The Pain Came Back

I had an epidural: anaesthetic and cortisone. For a few hours I was absolutely pain free. A feeling like pure whiteness; there was no background buzz of pain. It must be like this when tinnitus stops. Then a bone wearying ache, followed by two weeks of gruelling pain. I constantly rated an 8 out of10.

Then suddenly, the pain grew less, I halved my painkillers. I was busy, happy, engrossed. Doors opened. I was not pain-free, but I wasn't planning my day round pain. I could see my path widening, dancing ahead. We planned to go to England to see the grandchildren.

Then the pain came back – and it came back angry. First, the feeling of a red hot poker boring into my sacrum, then the feeling of bones locked and rough, then the exhaustion and the ache. We went out for dinner with friends. I took extra pain killer and ran my TENS throughout the meal. I managed just over an hour. We cut it short, brought dessert back in a box. I felt as if I had been beaten.

One month of hope, planning, expectation – and back into prison. “I don't want to go back,” my spirit wailed – and the cat moved closer in consolation, her eyes intent and questioning.

I don't want the pain, but even more I don't want the burden, the effort of coping, being determinedly cheerful, not minding. There has to be a better way! But what? How can I handle it differently? Somehow, if I could just get to a spot where it doesn't matter, lose the effort, accept, stop trying in case people lose patience with me, stop including me. Most of all, what it costs my husband to support me, see his life corralled by my pain. But how?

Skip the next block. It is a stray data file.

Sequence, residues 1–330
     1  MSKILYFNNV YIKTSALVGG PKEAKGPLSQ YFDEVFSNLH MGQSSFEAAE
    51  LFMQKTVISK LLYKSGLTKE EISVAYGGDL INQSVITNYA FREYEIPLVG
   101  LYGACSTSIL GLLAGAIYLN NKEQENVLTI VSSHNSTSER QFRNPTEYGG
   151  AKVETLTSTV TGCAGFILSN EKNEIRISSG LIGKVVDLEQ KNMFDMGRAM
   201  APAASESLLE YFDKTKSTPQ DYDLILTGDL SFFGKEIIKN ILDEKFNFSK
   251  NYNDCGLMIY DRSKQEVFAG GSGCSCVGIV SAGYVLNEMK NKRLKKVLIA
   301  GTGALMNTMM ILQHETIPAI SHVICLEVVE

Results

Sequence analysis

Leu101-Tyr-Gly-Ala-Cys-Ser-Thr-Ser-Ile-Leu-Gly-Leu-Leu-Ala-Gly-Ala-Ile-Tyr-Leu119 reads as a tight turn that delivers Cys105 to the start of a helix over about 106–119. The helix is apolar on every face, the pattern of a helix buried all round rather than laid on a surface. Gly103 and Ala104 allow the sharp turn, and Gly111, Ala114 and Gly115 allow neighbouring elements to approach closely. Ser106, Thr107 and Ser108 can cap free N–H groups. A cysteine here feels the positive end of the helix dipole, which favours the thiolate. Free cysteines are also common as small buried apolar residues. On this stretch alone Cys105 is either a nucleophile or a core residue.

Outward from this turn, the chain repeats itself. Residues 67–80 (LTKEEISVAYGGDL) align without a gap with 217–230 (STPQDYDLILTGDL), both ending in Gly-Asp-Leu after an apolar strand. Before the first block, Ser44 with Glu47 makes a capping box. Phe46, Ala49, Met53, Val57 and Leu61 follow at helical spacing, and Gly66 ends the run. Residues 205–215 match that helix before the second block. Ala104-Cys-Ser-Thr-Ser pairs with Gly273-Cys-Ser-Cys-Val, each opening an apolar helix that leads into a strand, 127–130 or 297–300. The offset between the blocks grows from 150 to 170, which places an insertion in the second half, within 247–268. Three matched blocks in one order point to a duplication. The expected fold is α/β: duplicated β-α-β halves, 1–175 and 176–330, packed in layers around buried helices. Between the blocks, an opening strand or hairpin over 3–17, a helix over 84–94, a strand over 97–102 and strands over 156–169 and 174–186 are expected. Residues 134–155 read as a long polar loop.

Postscript:

I wrote this two years ago and put it away. Life was at a particularly low ebb as, in addition, Bill had just been diagnosed with heart failure. Now on rereading, I can see how far I have come. My back is still bad and I have to work round it and accept limitations. I just looked through a flyer for art classes – no way could I sit through one. But I seem to have reached a place where I am stronger than the pain. It still isn't easy, and I have to be tough with myself, but I feel confident – and happy. So am posting this so that perhaps someone else at that point with pain may take heart. In my next post I will try to trace the steps that led me from there to here.

 

About UntraveledRoads

Fascinated by life, looking for answers to chronic pain and finding unexpected gifts. Interested in people, ideas, healing and humour. I am very happily married with three children and a kitten. As English born immigrants to Canada, we have family spread overseas, a daughter in South Africa and one in England. We also run a charity in South Africa to educate black, rural South African Women. Our first girl from a rural township has just graduated as an accountant from Johannesburg University and got a good job in a bank.
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